The Marshall Project’s Eli Hager reports on the growing use of “alternative schools” — isolated classrooms, where students are often met with corporal punishment and humiliating treatment — as a way to lower suspension rates among rural schools in the South.
By Eli Hager | The Marshall Project | November 11, 2015
Rockmon Montrell “Rock” Allen, an 18-year-old from Jackson, Mississippi, has never gone to jail. But school, he says, was close enough. At Ridgeland High School, a large public school in an increasingly black suburb of Jackson, he was punished repeatedly for what seemed like minor reasons.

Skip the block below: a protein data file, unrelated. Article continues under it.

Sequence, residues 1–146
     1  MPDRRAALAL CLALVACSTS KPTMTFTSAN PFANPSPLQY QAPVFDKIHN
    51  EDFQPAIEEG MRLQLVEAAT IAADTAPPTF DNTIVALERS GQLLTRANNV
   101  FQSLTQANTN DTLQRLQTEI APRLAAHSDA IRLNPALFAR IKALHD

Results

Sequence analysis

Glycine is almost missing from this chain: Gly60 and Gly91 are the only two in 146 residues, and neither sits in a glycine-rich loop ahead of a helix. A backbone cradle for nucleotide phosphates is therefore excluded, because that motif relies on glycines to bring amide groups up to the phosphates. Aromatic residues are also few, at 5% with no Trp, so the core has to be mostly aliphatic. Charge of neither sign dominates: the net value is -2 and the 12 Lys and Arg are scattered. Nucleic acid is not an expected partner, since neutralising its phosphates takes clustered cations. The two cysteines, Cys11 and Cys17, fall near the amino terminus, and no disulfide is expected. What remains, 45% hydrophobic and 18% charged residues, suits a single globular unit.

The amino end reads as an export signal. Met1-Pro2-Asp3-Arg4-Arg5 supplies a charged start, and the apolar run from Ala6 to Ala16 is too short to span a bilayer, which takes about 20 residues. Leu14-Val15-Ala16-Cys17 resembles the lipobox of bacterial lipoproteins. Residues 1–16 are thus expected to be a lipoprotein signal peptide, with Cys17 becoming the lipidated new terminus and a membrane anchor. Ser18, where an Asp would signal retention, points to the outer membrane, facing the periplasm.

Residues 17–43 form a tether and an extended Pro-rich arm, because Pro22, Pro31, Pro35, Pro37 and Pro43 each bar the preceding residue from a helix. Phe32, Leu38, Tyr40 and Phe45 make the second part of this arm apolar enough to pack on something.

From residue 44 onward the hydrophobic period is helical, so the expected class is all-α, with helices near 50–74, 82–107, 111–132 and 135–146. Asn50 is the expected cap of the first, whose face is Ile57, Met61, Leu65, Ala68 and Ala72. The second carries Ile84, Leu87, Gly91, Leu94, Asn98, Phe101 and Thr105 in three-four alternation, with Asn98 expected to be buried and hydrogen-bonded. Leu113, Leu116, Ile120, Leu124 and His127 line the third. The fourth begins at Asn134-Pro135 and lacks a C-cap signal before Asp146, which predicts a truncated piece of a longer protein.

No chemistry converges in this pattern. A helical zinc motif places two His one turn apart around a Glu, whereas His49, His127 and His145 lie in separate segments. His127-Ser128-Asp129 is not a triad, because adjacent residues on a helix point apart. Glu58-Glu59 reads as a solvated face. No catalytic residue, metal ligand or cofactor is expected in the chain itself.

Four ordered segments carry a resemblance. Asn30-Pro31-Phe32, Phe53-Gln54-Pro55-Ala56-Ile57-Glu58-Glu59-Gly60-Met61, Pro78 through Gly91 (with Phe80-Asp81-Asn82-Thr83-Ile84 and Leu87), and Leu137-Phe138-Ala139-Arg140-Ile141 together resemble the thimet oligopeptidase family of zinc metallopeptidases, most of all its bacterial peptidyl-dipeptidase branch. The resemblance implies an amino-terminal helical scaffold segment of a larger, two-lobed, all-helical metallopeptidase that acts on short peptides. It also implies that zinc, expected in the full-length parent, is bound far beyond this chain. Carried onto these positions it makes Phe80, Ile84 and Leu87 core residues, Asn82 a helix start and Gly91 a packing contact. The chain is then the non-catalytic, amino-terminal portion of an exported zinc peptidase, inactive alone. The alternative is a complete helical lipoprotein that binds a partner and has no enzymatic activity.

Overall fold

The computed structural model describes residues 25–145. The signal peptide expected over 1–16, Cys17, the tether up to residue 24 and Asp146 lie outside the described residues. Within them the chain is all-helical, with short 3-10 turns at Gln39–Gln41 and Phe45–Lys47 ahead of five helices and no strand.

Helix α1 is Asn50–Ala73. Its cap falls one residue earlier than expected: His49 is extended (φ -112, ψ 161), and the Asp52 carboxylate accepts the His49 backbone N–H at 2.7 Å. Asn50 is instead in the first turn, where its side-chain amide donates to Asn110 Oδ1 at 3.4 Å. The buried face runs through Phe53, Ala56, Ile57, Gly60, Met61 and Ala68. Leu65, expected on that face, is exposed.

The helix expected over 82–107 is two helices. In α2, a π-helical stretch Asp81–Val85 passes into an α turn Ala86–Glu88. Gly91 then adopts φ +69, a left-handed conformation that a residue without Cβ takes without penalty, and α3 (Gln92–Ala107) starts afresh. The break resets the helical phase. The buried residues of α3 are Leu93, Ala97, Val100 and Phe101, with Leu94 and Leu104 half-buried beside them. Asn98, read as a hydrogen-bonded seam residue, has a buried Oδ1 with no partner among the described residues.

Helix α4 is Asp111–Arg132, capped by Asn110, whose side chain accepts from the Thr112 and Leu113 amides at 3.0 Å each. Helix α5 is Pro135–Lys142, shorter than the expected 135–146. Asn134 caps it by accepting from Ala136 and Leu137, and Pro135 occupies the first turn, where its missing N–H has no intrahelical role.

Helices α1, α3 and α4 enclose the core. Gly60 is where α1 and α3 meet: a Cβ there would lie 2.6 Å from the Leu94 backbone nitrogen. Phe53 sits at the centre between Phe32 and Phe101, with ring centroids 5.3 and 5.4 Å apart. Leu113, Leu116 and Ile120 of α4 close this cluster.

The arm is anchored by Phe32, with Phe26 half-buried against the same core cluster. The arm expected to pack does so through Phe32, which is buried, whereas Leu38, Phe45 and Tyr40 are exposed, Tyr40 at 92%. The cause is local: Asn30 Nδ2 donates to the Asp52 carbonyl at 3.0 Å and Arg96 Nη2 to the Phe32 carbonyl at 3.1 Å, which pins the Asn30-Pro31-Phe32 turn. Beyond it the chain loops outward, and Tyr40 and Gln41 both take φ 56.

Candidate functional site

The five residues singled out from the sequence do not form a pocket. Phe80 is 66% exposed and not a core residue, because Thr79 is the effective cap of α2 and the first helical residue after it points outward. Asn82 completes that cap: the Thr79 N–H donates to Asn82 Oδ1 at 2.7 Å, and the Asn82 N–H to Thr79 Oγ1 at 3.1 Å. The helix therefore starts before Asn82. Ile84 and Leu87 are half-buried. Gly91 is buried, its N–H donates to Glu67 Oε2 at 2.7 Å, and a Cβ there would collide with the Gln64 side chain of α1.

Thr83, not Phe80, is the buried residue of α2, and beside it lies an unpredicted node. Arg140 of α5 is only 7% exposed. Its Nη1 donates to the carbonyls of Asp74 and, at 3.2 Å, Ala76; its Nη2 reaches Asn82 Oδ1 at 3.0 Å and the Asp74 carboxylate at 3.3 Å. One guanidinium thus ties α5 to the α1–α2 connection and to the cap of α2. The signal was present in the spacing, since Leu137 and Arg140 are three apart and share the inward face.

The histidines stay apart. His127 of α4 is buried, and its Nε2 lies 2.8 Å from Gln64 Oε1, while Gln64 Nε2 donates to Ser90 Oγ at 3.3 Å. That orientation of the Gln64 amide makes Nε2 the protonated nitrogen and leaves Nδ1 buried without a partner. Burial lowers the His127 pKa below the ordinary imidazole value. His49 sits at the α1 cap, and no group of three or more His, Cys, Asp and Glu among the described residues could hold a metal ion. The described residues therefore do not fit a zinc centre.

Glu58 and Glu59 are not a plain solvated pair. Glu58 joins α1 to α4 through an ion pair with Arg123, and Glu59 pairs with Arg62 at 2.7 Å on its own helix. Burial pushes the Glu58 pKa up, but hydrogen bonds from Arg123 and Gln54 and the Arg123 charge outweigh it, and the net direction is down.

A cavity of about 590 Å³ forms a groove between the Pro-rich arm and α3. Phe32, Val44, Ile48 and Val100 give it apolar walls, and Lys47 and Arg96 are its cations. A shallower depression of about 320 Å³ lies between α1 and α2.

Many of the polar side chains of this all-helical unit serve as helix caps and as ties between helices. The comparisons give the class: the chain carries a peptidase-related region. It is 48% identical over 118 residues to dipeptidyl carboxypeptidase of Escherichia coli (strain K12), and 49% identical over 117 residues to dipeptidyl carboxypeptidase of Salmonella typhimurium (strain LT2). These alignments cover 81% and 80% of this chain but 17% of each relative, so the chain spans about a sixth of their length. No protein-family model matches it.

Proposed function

In the ninth grade, when he wore the wrong-color uniform or didn’t tuck in his shirt, Rock got “whooped,” as he puts it. That meant bending over, putting his hands on a desk, and getting hit three to five times on the backside with a flat wooden paddle. Mississippi is one of only four states—the others are Alabama, Georgia, and Texas—where school districts frequently use corporal punishment on students (although 19 states allow the practice by law). Teachers and administrators openly use paddles—and, in rarer cases, belts, rulers, and key chains—to whip kids into order. Continue reading »